With so many rumours flying about read more on BlackBerry 10: What we know for sure.
RIM has just released one of key pieces of the BlackBerry 10 puzzle: BlackBerry Enterprise Service 10 is now available for download on BlackBerry.com. According to RIM, this new and improved version of its enterprise mobility solution "re-invents" its last-generation offering, allowing users to manage their devices, security and mobile app from one handy location. Its purported flexibility, which includes such features as allowing employees to use BES 10 even on non-BlackBerry devices, represents the core of what RIM is promising to deliver with BlackBerry 10 - security, productivity, and a balance between consumer and enterprise functionality.
Things are beginning to look up for RIM, with chief executive Thorsten Heins’ public comments about the company’s strategic options moving forward having seemingly boosted the market’s confidence in the Waterloo, Ontario-based firm. Speaking to German newspaper Die Welt, Heins said RIM is mulling over its options, which include possibly selling off its hardware division or, as has been alluded to in the past, licensing out its software to other manufacturers. While Heins insisted that the priority for now is ensuring the successful launch of BlackBerry 10 next week, that didn’t stop the market from registering its approval - in New York, shares of RIM shot up 17 per cent after Heins’ comments, while the stock jumped 11 per cent in Toronto.
We’ve exhausted many brain cells wondering what changes RIM will introduce with its BlackBerry 10 software, but let’s not forget the launch of the next-gen platform will also mean next-gen smartphones. Previous speculation suggested that the company will launch a handset with a physical keyboard - one of BlackBerry’s biggest selling points to its remaining customer base - with a full-touchscreen device due to follow. But with just seven days to go before the official launch, new reports have revealed more about the rumoured BlackBerry Z10 handset. The rumour mill points to a low pricepoint - sub-$149 (£94) with a two-year contract - for what is expected to be the platform's flagship device.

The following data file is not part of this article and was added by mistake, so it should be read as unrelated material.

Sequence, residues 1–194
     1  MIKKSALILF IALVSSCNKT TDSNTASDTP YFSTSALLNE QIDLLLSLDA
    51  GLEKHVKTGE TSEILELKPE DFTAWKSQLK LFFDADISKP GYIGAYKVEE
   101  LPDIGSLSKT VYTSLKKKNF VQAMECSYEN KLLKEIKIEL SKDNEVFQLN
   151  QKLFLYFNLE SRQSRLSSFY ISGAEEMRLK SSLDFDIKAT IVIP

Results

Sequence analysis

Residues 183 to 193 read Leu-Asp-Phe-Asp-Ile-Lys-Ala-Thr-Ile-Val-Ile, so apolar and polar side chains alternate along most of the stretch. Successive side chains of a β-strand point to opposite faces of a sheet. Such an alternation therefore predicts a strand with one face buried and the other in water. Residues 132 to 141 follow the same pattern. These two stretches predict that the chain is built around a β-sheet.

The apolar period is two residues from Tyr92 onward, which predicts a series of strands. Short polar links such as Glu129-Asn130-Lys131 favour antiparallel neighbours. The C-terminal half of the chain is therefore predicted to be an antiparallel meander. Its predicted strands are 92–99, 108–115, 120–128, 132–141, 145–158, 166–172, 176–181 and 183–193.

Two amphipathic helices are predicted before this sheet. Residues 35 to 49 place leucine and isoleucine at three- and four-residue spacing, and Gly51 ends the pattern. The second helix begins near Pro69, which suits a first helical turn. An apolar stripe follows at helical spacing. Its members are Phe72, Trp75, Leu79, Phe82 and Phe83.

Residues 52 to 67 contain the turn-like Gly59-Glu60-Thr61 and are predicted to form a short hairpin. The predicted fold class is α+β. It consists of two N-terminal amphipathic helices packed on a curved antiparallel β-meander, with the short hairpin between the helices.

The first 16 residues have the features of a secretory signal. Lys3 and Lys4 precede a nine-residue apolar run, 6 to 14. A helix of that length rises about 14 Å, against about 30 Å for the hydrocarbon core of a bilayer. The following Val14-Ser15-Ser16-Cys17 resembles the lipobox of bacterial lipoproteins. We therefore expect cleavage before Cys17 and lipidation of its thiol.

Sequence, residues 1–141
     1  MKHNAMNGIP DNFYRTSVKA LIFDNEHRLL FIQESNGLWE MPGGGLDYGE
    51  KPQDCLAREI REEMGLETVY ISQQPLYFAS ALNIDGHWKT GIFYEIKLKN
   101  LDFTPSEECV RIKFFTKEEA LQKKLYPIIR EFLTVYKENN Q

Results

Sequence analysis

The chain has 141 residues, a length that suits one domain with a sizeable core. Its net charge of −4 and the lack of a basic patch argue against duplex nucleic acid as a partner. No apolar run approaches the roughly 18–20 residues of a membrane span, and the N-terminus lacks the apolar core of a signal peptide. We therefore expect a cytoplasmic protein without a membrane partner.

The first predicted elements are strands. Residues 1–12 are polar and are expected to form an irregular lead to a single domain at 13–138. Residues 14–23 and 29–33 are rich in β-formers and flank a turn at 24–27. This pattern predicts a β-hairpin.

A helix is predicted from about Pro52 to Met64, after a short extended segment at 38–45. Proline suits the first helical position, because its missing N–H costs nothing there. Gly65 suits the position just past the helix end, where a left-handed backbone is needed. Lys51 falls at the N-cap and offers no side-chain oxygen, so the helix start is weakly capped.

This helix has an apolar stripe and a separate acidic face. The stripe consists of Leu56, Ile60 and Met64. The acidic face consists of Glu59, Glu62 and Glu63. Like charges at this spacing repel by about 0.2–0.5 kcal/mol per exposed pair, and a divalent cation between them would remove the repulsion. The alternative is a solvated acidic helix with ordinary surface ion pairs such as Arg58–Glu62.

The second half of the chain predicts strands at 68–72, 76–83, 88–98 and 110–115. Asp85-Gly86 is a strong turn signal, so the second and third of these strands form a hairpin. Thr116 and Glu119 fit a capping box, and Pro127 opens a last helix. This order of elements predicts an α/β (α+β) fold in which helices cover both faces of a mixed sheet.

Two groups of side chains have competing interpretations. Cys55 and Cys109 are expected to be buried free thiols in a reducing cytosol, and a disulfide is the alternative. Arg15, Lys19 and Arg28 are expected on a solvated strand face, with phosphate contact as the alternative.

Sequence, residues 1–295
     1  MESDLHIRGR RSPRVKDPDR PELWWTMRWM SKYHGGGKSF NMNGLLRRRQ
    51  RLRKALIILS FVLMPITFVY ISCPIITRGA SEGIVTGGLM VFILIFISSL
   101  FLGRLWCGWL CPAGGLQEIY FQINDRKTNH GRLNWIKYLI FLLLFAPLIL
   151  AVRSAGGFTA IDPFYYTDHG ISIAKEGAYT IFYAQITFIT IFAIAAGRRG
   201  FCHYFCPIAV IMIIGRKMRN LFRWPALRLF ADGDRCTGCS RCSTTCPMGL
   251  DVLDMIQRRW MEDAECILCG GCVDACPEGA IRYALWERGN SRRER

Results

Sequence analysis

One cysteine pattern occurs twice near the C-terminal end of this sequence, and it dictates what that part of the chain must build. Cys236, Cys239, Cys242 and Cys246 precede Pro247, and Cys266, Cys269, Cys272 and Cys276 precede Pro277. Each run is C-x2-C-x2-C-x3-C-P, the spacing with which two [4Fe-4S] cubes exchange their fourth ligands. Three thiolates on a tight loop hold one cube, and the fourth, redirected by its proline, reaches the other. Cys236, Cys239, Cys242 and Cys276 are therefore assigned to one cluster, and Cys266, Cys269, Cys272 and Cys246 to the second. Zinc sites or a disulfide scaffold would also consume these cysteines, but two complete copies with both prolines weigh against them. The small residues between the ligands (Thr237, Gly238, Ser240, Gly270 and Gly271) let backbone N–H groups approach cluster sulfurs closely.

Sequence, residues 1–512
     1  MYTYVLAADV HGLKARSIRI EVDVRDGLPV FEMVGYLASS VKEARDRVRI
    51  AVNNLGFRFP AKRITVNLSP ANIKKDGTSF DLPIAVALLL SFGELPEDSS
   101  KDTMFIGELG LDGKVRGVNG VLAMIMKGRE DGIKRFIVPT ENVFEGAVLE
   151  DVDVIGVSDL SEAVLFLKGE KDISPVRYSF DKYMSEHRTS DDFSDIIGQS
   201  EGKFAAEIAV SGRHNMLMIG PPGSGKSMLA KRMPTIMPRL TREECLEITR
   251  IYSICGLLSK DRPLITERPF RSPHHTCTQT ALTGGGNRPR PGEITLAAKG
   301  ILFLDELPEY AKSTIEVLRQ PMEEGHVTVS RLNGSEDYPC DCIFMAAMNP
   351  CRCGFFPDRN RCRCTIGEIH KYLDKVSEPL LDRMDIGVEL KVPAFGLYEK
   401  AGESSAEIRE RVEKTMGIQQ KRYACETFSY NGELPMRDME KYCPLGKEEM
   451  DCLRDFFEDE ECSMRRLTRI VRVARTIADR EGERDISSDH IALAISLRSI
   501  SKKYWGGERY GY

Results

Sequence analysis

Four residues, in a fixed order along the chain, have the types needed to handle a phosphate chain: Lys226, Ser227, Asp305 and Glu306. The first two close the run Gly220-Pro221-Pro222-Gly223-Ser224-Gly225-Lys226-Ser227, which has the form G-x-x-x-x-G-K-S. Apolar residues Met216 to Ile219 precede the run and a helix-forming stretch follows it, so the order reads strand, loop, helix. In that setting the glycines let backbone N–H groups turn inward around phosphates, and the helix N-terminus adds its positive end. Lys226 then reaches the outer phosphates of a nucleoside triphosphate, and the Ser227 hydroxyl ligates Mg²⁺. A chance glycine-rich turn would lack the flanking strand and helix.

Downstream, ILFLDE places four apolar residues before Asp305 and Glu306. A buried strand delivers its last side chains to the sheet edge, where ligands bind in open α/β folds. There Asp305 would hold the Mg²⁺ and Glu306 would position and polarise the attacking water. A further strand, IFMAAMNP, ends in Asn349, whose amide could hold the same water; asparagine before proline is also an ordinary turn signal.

With less than a week to go before the launch of BlackBerry 10, RIM has announced a new change to its app store - the market place, formerly known as BlackBerry App World, will now be called BlackBerry World. The moniker shift purportedly represents BB10’s redesigned market place, which promises to offer media and entertainment content, like music and movies, in addition to apps. The change "reflects a shift in the type of things you can purchase from the store as we transition to Blackberry 10 and beyond," RIM said. The new BlackBerry World is now available for desktops and existing BlackBerry handsets and tablets, though we’re likely to hear more about it at next week’s launch.
As the mobile operating system wars heat up, it’s become increasingly clear that apps hold much sway with the public. iOS and Android, both of which attract developers in droves, have an upper hand over Windows 8 and BlackBerry simply because of the sheer number, and quality, of apps available for their platforms. But as RIM prepares to introduce its next-generation BlackBerry 10 OS, few things will be as critical to its success as being able to brag about the number of apps it has on offer. And it looks like the Canadian firm just might be able to pull it off - RIM has revealed that it received 15,000 app submissions in less than two days following two Port-A-Thon events. We’ll have to wait and see how many of them make it into the store, but it’s certainly a promising start.